Improved tests for tomorrow’s pilots

UTA psychologist, U.S. Naval Research Laboratory partner to improve military aptitude tests

Tuesday, Sep 13, 2022 • Linsey Retcofsky : Contact

A cheerful man wearing a light blue dress shirt smiles for a portrait." _languageinserted="true

The United States Naval Research Laboratory (NRL) has initiated a collaborative research agreement with a cognitive psychologist at The University of Texas at Arlington to explore new tests and approaches that will both remove biases and improve military aptitude tests.

Matthew Robison, assistant professor of psychology, is the principal investigator on the three-year, nearly $700,000 contract. His research will evaluate new potential measures for the Aviation Selection Test Battery and the Armed Services Vocational Aptitude Battery, two aptitude tests that the military uses to screen people for various occupations, including those in aviation.

The military is continually looking for ways to expand minority and female representation in different jobs, while also maintaining or improving its ability to predict who will succeed in those jobs.

Robison, whose research examines the human cognitive system from a variety of angles, will propose new test measurements that use a combination of techniques, including examination of individual differences, psychophysiology and behavioral experiments. Physiological measures will include eye-tracking, pupillometry and observation of electrical activity in the brain.

Pupillometry, the measurement of fluctuations in pupil diameter in response to stimuli, can reveal an individual’s maximum cognitive workload capacity and predict someone’s working memory competency and fluid intelligence. A multiple object tracking task, for example, could give recruiters a reliable measurement of a person’s ability to monitor multiple streams of input as they dynamically change, Robison said.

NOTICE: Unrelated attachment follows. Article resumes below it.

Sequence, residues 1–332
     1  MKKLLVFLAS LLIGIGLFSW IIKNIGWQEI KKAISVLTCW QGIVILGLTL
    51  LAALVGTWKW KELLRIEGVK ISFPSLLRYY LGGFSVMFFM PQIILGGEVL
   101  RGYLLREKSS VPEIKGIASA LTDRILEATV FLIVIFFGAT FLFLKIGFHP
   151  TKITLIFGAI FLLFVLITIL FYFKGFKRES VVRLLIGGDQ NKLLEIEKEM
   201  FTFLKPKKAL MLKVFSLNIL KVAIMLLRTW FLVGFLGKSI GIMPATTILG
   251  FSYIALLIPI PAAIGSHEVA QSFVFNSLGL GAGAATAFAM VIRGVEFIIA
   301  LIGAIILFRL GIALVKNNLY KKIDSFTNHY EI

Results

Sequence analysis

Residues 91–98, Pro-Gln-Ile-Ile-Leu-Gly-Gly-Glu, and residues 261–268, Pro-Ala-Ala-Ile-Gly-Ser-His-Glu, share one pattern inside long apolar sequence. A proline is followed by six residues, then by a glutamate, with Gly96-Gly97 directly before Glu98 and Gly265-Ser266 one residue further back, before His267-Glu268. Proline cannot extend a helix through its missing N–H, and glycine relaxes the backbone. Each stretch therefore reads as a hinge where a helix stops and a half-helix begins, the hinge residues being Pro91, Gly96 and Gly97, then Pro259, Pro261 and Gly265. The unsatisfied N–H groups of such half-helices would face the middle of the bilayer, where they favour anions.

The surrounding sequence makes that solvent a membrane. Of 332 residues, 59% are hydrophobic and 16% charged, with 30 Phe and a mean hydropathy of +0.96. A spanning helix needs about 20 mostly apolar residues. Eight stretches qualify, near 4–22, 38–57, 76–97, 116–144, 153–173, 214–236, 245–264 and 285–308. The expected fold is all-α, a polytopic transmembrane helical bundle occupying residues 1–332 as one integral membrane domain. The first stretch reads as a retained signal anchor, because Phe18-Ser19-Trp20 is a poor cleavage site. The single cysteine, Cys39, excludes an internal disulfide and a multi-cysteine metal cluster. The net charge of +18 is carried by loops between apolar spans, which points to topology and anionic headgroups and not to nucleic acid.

Picture the cup shuffling trick, where a ball is hidden under one of three cups that are shifted around a surface until the ball is thought to be lost. Rather than one ball, there would be 4 or 5 objects to track, indicating how many pieces of information an individual can process simultaneously.

Robison said the new measures will potentially make military selection and classification tests harder to prepare for.

“As you can imagine, physiological measures are a lot harder to fake than knowledge-based measures, where a person can study the information in advance,” Robison said. “Physiological metrics will help to de-bias the test and make it a more valid predictor of an individual’s ability to handle a demanding, high-stress job.”